Across from the Ogden is the Contemporary Arts Center (900 Camp St, 504-528-3805), and around the corner on Julia Street is Gallery Row. Additional galleries can be found on Royal and Chartres Streets in the French Quarter and uptown along Magazine Street.
Be a history buff
Take a walking tour of the French Quarter to view the facades and enter the courtyards of buildings that date back hundreds of years.
Lindsay recommends taking a guided tour; Friends of the Cabildo (504-523-3939) and Historic New Orleans Tours (504-947-2120) offer well-regarded tours in the French Quarter and beyond. Carriages offering French Quarter tours line up in front of Jackson Square. However, these tours are better known for their colorful stories than their historical accuracy.
Walk on the quiet side of the French Quarter down Royal and Chartres streets between Jackson Square and the Esplanade. Visit the Ursuline Convent and the many quirky shops and galleries in the area. For more recent history, an excellent choice is the National World War II Museum (945 Magazine St, 504-528-1944) in the CBD, just a few blocks from the Morial Convention Center.
Although large stores such as Saks Fifth Avenue are close to the convention center, Lindsey recommends that serious shoppers check out Magazine Street, which stretches 6 miles from the CBD to the Riverbend. It features Audubon Park, many restaurants and bars, and some of the city’s best boutiques and antique stores. Visit www.magazinestreet.com for a merchant directory and shopping guide.
A great fishing trip can be had in a morning, leaving time for afternoon and evening functions. Marsh fishing from neighboring Jean Lafitte will quickly get you your quota of redfish and speckled trout. A longer day will allow fishing from Venice, with trips to the oil rigs in the Gulf of Mexico or farther out in search of tuna.
Dine well and often
Dr. Zembo’s article (“Creole, Cajun, Cuisine, and Carry-out,” page 45) lists a number of excellent choices, and everyone has a favorite neighborhood bar or po-boy shop. One of mine is close to the convention center—Mother’s (401 Poydras St, 504-523-9656). Ask for Ronnie and tell him I sent you! Midcity eateries include Mandina’s (3800 Canal St, 504-482-9179) and Liuzza’s (3636 Bienville St, 504-482-9120), while uptown, Domalise’s Po-Boy and Bar (5240 Annunciation St, 504-899-9126) is a hole-in-the-wall where you might run into Eli Manning chomping on a shrimp po-boy dripping with beef gravy.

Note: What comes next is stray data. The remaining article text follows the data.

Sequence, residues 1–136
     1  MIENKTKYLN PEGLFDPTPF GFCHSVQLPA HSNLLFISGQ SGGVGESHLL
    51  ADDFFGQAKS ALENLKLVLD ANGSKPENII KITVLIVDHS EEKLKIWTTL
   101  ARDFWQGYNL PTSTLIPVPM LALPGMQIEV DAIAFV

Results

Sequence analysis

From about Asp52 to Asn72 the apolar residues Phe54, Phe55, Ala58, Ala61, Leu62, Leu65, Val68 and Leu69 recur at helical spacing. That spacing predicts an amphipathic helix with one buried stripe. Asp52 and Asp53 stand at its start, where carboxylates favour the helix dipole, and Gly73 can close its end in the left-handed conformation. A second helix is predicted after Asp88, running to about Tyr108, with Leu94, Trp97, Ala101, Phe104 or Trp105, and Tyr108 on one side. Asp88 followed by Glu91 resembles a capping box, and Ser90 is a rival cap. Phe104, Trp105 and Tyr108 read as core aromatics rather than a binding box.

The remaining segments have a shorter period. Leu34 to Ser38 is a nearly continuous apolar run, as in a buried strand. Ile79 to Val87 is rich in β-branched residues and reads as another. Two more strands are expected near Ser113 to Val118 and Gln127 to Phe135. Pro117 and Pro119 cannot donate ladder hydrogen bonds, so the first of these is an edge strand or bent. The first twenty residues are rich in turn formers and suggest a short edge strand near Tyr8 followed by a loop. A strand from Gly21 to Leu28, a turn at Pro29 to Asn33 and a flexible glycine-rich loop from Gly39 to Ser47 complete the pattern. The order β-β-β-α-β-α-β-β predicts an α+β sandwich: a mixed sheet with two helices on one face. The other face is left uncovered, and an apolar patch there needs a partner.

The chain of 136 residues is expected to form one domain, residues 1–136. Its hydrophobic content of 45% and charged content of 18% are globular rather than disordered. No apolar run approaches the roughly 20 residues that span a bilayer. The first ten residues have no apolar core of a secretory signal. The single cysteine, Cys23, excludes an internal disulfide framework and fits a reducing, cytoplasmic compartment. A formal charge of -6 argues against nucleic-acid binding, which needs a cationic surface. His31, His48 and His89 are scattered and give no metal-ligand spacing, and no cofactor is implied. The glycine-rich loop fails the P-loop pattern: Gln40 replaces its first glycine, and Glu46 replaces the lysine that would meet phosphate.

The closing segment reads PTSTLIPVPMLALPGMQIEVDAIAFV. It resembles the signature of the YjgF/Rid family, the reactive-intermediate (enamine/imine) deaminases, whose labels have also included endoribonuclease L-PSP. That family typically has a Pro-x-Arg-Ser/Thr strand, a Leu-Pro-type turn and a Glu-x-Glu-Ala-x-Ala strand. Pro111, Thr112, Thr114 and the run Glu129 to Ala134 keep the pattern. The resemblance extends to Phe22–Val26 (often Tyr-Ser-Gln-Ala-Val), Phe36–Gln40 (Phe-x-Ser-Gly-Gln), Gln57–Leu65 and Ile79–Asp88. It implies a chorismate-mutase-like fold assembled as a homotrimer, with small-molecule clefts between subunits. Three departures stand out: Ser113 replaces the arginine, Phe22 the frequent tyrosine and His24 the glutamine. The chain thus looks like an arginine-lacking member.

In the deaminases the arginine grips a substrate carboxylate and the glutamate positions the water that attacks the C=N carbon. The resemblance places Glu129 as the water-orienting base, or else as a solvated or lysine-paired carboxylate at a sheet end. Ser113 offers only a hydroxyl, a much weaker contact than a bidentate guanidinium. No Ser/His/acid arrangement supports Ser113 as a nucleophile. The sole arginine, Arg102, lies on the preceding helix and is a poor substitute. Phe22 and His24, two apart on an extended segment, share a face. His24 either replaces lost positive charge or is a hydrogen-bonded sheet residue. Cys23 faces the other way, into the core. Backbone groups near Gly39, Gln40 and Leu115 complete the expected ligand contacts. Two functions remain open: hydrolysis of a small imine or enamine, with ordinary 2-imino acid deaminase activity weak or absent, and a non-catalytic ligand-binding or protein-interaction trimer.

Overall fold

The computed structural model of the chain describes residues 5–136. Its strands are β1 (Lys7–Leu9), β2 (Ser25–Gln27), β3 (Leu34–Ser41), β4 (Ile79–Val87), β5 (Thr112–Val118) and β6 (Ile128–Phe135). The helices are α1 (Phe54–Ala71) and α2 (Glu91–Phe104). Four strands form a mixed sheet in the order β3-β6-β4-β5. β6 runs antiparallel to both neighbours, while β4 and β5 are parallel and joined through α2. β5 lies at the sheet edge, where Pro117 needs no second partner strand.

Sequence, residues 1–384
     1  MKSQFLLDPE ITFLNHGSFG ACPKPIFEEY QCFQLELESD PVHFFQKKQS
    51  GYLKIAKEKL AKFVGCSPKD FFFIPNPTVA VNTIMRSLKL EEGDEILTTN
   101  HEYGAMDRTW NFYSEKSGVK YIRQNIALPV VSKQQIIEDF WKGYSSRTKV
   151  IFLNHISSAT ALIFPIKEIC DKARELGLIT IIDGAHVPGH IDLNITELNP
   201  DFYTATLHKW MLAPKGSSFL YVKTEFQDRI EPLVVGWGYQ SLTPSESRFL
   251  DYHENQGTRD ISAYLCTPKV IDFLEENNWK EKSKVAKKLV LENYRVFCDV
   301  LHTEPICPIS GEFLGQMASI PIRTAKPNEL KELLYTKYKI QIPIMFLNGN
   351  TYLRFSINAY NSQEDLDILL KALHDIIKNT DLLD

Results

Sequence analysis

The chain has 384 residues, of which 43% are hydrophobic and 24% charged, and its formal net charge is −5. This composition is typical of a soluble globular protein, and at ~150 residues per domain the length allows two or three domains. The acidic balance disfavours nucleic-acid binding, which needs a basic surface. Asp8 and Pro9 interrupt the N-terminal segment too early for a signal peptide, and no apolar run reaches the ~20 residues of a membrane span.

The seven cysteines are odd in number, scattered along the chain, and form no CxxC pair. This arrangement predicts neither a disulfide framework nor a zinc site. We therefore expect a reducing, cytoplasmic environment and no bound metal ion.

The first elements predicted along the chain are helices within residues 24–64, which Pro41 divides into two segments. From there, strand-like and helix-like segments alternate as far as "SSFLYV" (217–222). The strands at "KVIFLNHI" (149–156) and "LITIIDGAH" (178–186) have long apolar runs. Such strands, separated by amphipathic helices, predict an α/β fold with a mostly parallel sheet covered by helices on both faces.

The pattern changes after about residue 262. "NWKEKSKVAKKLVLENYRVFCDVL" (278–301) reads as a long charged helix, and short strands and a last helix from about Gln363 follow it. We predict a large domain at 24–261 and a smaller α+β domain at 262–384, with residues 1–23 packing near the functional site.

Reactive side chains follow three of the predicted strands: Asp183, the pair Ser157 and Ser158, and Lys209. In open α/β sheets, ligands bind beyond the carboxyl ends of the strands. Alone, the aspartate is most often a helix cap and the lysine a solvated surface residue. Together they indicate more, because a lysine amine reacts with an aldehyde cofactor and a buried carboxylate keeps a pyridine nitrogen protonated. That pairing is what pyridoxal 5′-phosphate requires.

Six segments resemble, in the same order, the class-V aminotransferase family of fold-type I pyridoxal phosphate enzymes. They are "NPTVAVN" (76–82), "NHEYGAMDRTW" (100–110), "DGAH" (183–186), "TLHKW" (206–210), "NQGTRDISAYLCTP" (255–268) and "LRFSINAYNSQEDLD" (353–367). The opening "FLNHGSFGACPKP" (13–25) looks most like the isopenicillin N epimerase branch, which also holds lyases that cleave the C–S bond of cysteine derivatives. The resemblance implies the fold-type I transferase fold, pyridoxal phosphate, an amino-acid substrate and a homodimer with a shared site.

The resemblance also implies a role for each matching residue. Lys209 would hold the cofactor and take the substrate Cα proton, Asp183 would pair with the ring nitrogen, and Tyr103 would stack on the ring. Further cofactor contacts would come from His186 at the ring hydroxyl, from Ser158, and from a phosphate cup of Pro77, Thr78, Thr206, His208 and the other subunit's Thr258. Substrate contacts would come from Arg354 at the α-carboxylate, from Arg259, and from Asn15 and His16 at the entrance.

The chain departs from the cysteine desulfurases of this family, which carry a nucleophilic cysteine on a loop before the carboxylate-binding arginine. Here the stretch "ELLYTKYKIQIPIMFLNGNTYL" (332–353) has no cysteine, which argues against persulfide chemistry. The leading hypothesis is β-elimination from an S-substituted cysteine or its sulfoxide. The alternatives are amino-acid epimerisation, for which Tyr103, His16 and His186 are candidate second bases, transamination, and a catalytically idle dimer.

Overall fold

Downtown and the CBD are home to many of New Orleans’s famous restaurants, including Antoine’s, Arnaud’s, John Besh’s Restaurant August, and Emeril Lagasse’s Emeril’s, to name just a few. Even now, making a reservation at these eateries around the time of the AAOS Annual Meeting may be difficult.
Although we who live uptown don’t relish seeing taxi loads of conventioneers turning up at our favorite watering holes, Magazine Street has many great restaurants, including La Petite Grocery (4238 Magazine St, 504-891-3377) and Lilette (3637 Magazine St, 504-895-1636). Near Children’s Hospital, where I work, Clancy’s (6100 Annunciation St, 504-895-1111) and Patois (6078 Laurel St, 504-895-9441) are excellent options. For an adventure, head across the Huey Long Bridge to Mosca’s (4137 U.S. 90, Avondale, La., 504-436-8950), especially if you like garlic!
Run off those calories
To leave New Orleans with the same trim figure you had when you arrived, take the streetcar or a taxi to the Audubon Park track. (If you are really fit, you can get there by running about 4 miles up the streetcar line in the center of St. Charles Avenue.) The perimeter track is around 2 miles long, and you can add another mile if you extend it behind the zoo to the Mississippi River. You will be walking or running with locals, Tulane students, and more than a few celebrities, often including James Carville and Drew Breese.
Lindsey and I hope these suggestions are helpful. My final comment is that New Orleanians are almost universally friendly, proud of their city, and very willing to be approached for advice on anything, so don’t be afraid to ask!
Links to the places mentioned in this article can be found below and in the epub version available at http://orthoportal.org/aaosnow
Andrew G.S. King, MD, is department head and Robert D’Ambrosia Professor of Orthopaedic Surgery at the LSU School of Medicine. Lindsey Liuzza, MD, is a PGY-2 resident in the department of orthopaedics at LSU School of Medicine.
New Orleans links: